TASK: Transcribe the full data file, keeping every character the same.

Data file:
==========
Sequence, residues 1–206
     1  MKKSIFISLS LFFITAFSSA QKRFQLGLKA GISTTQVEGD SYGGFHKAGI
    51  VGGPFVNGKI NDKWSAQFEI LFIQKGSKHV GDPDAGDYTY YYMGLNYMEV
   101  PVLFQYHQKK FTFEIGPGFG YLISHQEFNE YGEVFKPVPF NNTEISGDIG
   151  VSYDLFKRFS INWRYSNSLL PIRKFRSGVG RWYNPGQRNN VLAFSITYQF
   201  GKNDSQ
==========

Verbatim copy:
Sequence, residues 1–206
     1  MKKSIFISLS LFFITAFSSA QKRFQLGLKA GISTTQVEGD SYGGFHKAGI
    51  VGGPFVNGKI NDKWSAQFEI LFIQKGSKHV GDPDAGDYTY YYMGLNYMEV
   101  PVLFQYHQKK FTFEIGPGFG YLISHQEFNE YGEVFKPVPF NNTEISGDIG
   151  VSYDLFKRFS INWRYSNSLL PIRKFRSGVG RWYNPGQRNN VLAFSITYQF
   201  GKNDSQ